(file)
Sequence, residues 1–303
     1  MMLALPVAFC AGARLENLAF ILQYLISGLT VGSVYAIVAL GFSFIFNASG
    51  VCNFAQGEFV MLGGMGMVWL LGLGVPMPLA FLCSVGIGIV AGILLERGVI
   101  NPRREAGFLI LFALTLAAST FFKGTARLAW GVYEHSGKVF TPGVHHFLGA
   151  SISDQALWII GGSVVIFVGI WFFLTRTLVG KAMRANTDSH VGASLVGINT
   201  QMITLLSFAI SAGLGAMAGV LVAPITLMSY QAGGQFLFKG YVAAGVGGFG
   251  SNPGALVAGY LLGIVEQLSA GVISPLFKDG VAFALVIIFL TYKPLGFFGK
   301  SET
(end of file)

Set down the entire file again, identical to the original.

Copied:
Sequence, residues 1–303
     1  MMLALPVAFC AGARLENLAF ILQYLISGLT VGSVYAIVAL GFSFIFNASG
    51  VCNFAQGEFV MLGGMGMVWL LGLGVPMPLA FLCSVGIGIV AGILLERGVI
   101  NPRREAGFLI LFALTLAAST FFKGTARLAW GVYEHSGKVF TPGVHHFLGA
   151  SISDQALWII GGSVVIFVGI WFFLTRTLVG KAMRANTDSH VGASLVGINT
   201  QMITLLSFAI SAGLGAMAGV LVAPITLMSY QAGGQFLFKG YVAAGVGGFG
   251  SNPGALVAGY LLGIVEQLSA GVISPLFKDG VAFALVIIFL TYKPLGFFGK
   301  SET